Where Does The Pesky Woodchuck Go?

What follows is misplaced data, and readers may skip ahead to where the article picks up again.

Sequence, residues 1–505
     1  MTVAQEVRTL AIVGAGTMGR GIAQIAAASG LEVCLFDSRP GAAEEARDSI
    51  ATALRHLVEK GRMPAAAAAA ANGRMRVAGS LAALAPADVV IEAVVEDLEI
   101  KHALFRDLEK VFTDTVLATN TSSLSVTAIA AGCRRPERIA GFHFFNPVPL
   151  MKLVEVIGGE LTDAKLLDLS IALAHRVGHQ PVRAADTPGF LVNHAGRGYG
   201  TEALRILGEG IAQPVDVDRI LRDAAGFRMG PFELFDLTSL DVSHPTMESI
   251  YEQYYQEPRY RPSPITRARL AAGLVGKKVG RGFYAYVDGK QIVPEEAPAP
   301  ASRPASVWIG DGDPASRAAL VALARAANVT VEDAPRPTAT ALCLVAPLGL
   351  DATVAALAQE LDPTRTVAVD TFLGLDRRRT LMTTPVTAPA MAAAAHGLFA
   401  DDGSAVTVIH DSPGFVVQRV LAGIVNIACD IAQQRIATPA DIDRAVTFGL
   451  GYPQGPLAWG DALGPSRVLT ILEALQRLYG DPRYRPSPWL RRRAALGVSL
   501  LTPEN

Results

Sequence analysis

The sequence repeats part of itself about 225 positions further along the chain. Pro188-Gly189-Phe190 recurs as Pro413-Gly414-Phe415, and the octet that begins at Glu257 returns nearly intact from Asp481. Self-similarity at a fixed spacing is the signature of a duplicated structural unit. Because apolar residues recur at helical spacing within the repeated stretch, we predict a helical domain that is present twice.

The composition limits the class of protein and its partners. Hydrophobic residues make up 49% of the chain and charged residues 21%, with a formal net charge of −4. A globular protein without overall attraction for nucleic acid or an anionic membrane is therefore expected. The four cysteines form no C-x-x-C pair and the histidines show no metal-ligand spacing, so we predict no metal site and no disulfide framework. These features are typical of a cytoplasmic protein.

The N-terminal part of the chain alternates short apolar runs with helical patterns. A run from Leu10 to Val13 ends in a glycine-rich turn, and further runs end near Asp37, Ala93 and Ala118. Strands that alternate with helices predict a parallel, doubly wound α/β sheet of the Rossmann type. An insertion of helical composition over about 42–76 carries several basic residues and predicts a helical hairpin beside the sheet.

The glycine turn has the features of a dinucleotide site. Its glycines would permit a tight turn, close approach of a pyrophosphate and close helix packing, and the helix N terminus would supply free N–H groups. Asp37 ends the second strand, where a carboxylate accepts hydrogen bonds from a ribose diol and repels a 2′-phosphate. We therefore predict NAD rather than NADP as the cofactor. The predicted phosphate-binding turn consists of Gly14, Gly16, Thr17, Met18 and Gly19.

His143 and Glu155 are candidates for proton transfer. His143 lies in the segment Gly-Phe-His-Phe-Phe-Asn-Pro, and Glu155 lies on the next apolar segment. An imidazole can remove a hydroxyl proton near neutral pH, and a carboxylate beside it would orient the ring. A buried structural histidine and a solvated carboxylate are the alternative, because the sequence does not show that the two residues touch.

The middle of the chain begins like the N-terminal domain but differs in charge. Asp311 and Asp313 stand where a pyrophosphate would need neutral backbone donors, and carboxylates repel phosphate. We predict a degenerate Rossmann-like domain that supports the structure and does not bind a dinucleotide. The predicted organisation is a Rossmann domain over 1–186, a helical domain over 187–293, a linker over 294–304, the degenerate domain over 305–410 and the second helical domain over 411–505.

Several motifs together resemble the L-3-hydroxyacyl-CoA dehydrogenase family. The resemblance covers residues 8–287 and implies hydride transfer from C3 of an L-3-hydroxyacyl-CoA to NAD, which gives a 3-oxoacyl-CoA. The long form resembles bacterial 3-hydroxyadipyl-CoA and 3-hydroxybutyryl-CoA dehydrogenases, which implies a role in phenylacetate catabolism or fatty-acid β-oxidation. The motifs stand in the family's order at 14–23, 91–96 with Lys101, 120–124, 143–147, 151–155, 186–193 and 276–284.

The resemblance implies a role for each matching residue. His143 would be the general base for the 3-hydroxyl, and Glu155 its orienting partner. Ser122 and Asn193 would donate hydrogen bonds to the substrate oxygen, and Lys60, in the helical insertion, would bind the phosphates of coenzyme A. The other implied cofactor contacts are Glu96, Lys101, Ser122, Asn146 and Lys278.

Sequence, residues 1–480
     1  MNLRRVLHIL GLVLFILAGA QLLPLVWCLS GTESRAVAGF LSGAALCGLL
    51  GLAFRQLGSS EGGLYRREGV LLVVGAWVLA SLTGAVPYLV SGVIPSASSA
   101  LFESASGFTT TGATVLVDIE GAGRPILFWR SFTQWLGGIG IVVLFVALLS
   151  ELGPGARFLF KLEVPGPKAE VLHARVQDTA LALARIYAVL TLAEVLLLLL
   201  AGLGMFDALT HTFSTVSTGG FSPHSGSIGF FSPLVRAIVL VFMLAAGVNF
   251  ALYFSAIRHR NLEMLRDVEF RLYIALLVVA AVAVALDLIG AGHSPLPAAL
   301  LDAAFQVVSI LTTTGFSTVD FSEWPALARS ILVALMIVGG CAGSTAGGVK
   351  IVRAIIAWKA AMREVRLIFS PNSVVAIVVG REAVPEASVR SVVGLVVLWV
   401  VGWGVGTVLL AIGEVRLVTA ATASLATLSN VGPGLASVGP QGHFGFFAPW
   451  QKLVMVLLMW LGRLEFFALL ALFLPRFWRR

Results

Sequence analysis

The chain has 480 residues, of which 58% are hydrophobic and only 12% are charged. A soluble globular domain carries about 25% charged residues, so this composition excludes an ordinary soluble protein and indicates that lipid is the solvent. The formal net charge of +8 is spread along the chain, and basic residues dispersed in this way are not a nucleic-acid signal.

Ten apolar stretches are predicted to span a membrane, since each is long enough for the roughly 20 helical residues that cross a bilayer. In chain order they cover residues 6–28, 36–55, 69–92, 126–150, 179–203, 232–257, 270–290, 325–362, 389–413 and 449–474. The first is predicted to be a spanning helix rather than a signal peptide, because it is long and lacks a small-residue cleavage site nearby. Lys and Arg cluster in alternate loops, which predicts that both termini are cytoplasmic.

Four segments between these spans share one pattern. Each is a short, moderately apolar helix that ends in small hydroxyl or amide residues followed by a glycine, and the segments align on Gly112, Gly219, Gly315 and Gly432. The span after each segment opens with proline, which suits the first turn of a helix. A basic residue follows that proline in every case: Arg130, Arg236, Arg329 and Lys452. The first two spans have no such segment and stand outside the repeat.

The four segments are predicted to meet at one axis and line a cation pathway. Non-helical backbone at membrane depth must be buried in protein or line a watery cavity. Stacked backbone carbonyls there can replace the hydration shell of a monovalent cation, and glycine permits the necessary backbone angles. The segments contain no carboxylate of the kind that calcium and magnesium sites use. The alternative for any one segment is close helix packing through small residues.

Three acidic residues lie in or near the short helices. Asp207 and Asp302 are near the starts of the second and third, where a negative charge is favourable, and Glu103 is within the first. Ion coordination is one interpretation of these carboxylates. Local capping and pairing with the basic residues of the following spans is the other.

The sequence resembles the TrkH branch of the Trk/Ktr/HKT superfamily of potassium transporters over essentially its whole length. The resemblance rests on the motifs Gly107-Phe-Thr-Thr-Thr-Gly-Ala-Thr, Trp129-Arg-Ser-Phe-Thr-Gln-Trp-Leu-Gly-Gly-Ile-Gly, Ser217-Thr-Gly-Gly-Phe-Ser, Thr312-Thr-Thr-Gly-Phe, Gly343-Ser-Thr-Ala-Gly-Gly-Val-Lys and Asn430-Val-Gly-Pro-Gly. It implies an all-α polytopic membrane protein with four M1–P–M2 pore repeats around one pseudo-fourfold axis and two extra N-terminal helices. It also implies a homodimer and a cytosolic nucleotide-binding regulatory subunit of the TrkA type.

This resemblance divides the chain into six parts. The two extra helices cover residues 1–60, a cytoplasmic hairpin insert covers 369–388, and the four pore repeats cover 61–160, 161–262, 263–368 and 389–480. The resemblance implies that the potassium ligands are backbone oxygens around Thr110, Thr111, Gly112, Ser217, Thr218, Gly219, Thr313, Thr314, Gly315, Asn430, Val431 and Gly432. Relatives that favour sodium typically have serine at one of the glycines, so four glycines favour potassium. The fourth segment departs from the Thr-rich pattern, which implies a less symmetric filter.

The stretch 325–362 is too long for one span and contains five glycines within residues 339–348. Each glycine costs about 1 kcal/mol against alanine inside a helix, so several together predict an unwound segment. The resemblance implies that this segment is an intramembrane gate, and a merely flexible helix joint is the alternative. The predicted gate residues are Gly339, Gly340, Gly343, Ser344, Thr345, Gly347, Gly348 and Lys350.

5149859-clear-close-up-of-woodchuck-in-clover-fieldThat pesky woodchuck ( Marmota monax) is hibernating. Yes it’s true, and they are amazingly designed to do so. There are only three true hibernating mammals in the North East. The brown bat, the jumping mouse, and the woodchuck. Other mammals that you may not see and who often disappear during the colder months, like bear, skunk, or raccoons, are actually considered deep sleepers, not true hibernators. These animals do become inactive for part of the winter, but their body temperature remains higher than the surrounding air temperature, and they may stir occasionally to venture out during a warm spell. A true hibernator stays hibernating for the long haul. Knowing what I do about the woodchuck’s ability to hibernate, allows me some sympathy during the summer when he’s out munching our beans or enjoying the neat rows of greens in my garden. During the summer he is eating almost constantly to store fat for the winter. He will live on this fat for the entire time he spends underground in his burrow of grass and leaves, where he’ll curl into a tight ball ( less surface area) and remain for the next 5 months or so. Woodchucks generally go into hibernation from November to early April. At this point they are able to reduce their breathing rate and body temperature to extremely low levels. A hibernating woodchuck takes a breath about every six minutes. They are able to lower and maintain a body temperature of about 38 degrees, their normal body temperature being closer to 96.8. Its heartbeat will drop from its normal 80 beats per minute to about 4 beats per minute. During their time in hibernation they will lose about 47% of their body weight. They live the entire time absorbing stored body fat. There is really no fecal matter during hibernation because there is nothing moving through their digestive tract. Woodchucks, during hibernation, have an increase in brown fat deposits. This brown fat is usually found around an animals vital organs and along its back and shoulders. Brown fat has a higher rate of oxygen consumption and heat production than white fat. It’s the kind of fat you want to burn when sleeping through the winter. Considering the energy that it takes for a woodchuck to endure and survive a long Maine winter, I should be growing a row or two in my garden just for him. Fortunately, we have not had woodchucks in the gardens for a long, long time. Two patrolling dogs probably have something to do with this.